Source: Congressional Budget Office, using data from the Department of Education’s National Student Loan Data System.

Although the Department of Education does not provide separate default rates for undergraduate and graduate borrowers for each year, CBO’s estimate of the average default rate is several percentage points higher than the default rates the Department of Education reports. That is probably the result of differences in the way CBO and the Department of Education define repayment cohorts.

Average Amount Borrowed. Borrowers, on average, borrowed more in 2017 than in 1995 (see Figure 2, middle panel):

  • Among graduate borrowers, the average amount borrowed each year grew by 47 percent, from about $17,400 (in 2017 dollars) in 1995 to $25,700 in 2017;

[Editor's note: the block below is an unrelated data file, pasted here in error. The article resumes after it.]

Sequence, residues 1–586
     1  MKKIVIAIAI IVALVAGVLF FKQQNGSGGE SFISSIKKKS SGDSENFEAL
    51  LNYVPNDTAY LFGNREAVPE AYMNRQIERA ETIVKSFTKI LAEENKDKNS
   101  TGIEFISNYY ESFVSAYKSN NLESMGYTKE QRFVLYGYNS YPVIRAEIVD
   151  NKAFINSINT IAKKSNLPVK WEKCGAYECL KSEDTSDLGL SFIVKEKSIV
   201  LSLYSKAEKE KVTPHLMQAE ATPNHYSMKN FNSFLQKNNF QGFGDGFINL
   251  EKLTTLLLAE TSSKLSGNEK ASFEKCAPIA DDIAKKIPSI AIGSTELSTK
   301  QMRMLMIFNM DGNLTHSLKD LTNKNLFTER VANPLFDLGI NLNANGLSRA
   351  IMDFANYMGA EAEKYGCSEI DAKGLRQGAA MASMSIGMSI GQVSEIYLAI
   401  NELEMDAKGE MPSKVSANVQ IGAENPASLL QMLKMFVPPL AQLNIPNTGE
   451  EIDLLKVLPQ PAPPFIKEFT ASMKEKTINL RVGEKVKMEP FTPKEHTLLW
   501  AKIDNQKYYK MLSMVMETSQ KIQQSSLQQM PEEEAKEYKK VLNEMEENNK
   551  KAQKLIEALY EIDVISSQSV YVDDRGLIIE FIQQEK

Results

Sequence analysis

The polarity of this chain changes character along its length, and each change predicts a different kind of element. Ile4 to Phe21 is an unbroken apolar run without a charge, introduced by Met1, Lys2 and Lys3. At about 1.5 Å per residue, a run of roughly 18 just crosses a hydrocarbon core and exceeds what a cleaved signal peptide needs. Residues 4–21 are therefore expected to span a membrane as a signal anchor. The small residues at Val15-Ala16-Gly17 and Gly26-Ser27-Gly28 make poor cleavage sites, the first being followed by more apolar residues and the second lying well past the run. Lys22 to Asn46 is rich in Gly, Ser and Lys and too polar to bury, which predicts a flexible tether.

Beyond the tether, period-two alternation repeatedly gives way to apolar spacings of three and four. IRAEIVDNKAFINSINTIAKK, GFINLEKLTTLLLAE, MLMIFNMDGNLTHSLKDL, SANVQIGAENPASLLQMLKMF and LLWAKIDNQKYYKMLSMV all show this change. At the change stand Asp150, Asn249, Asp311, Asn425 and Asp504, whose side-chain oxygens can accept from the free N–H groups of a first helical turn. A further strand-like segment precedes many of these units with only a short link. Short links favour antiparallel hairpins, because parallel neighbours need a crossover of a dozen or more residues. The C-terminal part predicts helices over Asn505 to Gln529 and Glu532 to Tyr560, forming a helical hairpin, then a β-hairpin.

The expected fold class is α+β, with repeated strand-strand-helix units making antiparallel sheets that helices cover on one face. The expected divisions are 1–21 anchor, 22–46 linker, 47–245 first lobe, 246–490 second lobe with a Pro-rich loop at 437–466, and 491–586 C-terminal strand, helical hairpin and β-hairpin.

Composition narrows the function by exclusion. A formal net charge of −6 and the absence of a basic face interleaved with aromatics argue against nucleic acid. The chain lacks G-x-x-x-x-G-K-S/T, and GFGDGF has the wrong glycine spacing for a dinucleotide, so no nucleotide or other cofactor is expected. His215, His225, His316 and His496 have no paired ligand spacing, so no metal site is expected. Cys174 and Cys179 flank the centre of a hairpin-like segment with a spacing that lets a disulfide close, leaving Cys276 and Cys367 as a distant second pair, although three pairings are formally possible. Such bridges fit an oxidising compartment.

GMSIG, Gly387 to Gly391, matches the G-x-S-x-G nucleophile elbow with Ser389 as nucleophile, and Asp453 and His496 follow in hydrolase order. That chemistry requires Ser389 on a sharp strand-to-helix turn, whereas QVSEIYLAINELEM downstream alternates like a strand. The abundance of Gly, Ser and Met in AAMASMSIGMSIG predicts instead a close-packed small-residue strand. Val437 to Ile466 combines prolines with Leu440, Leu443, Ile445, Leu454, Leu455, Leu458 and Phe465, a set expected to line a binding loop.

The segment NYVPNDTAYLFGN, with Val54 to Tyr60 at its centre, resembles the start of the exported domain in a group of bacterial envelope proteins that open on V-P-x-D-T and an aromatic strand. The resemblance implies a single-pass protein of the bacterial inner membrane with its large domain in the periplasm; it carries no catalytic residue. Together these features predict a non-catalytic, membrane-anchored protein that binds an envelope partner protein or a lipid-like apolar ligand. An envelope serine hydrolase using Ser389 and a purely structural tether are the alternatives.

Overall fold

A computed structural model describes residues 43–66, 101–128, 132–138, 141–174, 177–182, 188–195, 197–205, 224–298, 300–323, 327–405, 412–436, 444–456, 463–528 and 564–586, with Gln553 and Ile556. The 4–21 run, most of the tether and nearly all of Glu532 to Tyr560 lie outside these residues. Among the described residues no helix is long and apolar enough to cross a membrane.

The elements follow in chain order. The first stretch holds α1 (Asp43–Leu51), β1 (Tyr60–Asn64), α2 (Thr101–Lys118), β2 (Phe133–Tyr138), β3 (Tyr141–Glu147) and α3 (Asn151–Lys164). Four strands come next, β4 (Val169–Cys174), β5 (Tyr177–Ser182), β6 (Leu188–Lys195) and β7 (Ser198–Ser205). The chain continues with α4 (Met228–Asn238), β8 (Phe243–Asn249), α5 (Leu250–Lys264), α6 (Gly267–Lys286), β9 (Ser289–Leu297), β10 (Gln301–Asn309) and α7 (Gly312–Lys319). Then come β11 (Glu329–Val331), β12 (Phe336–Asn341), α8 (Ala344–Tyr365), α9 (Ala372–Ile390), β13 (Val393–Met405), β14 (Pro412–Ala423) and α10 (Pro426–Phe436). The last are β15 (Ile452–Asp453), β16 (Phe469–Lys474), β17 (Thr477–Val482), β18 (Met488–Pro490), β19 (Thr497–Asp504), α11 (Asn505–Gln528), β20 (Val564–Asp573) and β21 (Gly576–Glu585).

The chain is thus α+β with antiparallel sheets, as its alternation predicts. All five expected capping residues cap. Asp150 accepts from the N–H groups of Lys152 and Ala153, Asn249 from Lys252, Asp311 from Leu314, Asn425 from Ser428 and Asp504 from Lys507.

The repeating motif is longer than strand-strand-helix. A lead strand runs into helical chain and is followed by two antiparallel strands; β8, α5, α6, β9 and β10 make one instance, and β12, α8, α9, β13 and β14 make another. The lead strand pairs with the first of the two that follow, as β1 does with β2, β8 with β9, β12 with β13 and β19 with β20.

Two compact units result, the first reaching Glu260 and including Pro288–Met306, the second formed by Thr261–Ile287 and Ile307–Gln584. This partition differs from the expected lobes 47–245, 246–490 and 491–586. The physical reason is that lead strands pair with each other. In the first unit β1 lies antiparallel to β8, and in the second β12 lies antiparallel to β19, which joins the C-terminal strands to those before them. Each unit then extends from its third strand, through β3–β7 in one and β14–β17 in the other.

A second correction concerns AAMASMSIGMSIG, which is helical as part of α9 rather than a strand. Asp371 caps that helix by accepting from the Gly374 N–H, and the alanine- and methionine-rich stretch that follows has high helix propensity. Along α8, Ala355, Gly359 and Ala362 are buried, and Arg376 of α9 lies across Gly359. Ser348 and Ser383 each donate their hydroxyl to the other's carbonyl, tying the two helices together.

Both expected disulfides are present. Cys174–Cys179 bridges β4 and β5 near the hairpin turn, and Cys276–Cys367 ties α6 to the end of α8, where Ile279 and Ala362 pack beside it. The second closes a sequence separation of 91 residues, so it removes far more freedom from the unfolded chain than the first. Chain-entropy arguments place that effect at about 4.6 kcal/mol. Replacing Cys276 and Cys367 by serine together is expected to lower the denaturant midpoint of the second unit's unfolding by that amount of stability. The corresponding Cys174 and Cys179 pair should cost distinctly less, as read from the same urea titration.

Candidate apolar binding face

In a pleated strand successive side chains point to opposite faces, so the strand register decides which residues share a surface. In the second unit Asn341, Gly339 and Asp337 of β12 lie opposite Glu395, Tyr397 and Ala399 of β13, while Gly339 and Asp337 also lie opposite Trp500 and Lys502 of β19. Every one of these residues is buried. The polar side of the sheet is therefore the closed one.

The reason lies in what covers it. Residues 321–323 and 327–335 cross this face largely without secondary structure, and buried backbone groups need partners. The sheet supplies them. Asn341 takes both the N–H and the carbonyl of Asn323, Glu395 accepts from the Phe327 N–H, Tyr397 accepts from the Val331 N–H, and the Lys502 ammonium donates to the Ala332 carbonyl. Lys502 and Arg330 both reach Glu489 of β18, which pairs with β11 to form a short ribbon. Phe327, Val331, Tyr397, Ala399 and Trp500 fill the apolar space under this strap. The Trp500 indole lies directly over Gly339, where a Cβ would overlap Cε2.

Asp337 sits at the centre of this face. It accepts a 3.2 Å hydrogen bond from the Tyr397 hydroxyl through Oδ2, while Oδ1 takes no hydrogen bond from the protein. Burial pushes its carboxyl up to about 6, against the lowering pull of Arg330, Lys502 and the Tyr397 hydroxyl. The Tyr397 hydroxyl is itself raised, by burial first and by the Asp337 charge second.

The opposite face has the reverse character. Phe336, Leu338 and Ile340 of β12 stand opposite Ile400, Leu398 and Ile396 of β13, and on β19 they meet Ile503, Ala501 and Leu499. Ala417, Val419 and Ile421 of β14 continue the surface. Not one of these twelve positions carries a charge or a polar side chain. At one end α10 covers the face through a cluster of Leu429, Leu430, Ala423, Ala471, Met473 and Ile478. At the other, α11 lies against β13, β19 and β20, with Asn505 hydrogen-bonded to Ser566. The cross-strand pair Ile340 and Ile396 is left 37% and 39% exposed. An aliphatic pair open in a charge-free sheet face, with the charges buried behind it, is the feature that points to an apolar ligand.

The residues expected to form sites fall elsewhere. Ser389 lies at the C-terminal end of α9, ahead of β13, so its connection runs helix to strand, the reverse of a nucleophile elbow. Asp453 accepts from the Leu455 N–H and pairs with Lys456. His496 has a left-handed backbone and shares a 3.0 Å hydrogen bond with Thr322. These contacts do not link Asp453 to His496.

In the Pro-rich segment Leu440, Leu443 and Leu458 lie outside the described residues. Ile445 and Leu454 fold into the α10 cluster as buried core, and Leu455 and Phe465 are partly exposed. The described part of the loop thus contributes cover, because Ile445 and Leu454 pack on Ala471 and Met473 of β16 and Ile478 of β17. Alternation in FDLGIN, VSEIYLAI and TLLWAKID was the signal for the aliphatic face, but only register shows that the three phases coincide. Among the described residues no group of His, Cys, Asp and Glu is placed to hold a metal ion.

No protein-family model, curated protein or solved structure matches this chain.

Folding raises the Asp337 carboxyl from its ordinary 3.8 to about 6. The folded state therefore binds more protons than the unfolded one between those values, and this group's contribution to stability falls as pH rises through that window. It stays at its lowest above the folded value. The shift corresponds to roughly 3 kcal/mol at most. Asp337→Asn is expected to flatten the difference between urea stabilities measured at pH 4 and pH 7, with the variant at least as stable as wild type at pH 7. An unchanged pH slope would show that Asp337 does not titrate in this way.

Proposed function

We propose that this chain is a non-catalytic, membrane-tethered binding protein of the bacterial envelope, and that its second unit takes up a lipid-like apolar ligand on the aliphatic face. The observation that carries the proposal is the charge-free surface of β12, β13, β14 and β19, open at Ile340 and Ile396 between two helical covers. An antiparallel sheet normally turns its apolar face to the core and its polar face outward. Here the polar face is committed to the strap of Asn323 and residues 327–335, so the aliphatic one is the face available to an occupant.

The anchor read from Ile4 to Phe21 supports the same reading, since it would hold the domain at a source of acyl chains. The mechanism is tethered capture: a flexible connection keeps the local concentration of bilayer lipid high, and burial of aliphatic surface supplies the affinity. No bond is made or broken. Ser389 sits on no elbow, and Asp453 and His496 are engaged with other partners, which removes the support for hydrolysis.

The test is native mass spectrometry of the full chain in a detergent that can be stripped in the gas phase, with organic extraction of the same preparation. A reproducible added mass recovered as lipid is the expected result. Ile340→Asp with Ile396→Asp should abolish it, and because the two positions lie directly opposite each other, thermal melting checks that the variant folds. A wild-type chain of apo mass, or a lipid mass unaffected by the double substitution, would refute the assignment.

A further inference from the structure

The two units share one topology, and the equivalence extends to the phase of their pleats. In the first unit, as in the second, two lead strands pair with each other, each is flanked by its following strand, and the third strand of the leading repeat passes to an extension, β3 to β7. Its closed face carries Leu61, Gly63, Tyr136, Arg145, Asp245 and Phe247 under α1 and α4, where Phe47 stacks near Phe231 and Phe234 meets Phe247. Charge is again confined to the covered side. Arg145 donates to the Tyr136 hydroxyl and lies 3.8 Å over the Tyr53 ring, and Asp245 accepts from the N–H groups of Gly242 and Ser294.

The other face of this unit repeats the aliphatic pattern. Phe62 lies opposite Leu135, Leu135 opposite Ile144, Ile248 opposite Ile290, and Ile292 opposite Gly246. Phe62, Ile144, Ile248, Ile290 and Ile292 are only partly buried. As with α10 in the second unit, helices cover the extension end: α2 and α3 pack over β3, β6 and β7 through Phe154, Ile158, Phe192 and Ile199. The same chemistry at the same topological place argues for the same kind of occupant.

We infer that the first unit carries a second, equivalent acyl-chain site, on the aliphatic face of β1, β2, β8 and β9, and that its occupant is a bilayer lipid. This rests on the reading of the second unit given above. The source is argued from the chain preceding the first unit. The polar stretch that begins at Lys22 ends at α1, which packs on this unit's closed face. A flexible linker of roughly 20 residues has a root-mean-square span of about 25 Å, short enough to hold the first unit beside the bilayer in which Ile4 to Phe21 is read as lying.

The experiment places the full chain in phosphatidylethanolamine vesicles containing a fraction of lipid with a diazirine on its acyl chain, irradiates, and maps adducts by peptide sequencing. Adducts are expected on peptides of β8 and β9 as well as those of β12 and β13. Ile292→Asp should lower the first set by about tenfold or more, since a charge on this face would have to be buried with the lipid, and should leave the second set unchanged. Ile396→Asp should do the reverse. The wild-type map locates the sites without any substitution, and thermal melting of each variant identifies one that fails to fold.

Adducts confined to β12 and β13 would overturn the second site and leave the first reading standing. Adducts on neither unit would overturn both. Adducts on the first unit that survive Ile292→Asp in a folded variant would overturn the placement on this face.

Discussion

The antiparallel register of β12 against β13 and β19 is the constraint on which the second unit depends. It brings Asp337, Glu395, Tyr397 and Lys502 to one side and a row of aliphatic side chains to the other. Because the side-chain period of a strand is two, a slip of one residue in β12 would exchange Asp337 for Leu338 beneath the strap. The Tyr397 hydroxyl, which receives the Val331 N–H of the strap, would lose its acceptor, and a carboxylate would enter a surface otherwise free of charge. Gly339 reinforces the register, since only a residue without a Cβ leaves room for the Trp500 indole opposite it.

• For undergraduate borrowers, it grew by 10 percent, or from $6,500 to $7,200, over the same period; and
  • For PLUS loans to parents, the average amount borrowed each year grew more—by 79 percent—from $9,300 in 1995 to $16,600 in 2017.

Much of that growth occurred between 2005 and 2009 for graduate borrowers and between 2007 and 2009 for undergraduate borrowers. Since then, the average amount borrowed has increased slightly for graduate borrowers and has declined for undergraduate borrowers; it has continued to rise for PLUS loans.

Tuition increased substantially between 1995 and 2017, and that increase put upward pressure on borrowing.7 (Some research indicates that the expansion of the federal student loan programs has induced colleges and universities to increase tuition. See Box 1.) For example, the average published in-state tuition—also known as the sticker price—for public, four-year undergraduate institutions increased by 120 percent (adjusted for inflation) over that period. The average published tuition for not-for-profit private institutions increased by 76 percent.8 The effective tuition—the price students paid, on average, after accounting for discounts—rose as well, though not as much as the sticker price. Average borrowing per year also increased but by much less, probably in part because undergraduate borrowers were constrained by annual loan limits.